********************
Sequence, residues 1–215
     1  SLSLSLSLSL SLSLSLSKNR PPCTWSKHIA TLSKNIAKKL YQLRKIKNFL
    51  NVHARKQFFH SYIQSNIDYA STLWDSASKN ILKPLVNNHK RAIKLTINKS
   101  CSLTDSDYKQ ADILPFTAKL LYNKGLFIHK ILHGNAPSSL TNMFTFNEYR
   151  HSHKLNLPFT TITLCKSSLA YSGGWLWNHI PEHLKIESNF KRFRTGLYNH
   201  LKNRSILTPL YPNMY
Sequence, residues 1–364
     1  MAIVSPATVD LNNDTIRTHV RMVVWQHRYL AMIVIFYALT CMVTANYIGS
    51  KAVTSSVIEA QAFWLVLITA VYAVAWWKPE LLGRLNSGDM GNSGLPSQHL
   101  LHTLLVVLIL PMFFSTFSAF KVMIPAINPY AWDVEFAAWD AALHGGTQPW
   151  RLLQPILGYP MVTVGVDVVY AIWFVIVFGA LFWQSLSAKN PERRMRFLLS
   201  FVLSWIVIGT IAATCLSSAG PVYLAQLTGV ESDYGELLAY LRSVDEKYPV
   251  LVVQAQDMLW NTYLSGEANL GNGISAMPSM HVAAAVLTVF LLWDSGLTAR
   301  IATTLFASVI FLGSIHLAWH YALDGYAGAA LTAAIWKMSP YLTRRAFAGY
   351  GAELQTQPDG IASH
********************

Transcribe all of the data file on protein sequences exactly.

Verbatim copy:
Sequence, residues 1–215
     1  SLSLSLSLSL SLSLSLSKNR PPCTWSKHIA TLSKNIAKKL YQLRKIKNFL
    51  NVHARKQFFH SYIQSNIDYA STLWDSASKN ILKPLVNNHK RAIKLTINKS
   101  CSLTDSDYKQ ADILPFTAKL LYNKGLFIHK ILHGNAPSSL TNMFTFNEYR
   151  HSHKLNLPFT TITLCKSSLA YSGGWLWNHI PEHLKIESNF KRFRTGLYNH
   201  LKNRSILTPL YPNMY
Sequence, residues 1–364
     1  MAIVSPATVD LNNDTIRTHV RMVVWQHRYL AMIVIFYALT CMVTANYIGS
    51  KAVTSSVIEA QAFWLVLITA VYAVAWWKPE LLGRLNSGDM GNSGLPSQHL
   101  LHTLLVVLIL PMFFSTFSAF KVMIPAINPY AWDVEFAAWD AALHGGTQPW
   151  RLLQPILGYP MVTVGVDVVY AIWFVIVFGA LFWQSLSAKN PERRMRFLLS
   201  FVLSWIVIGT IAATCLSSAG PVYLAQLTGV ESDYGELLAY LRSVDEKYPV
   251  LVVQAQDMLW NTYLSGEANL GNGISAMPSM HVAAAVLTVF LLWDSGLTAR
   301  IATTLFASVI FLGSIHLAWH YALDGYAGAA LTAAIWKMSP YLTRRAFAGY
   351  GAELQTQPDG IASH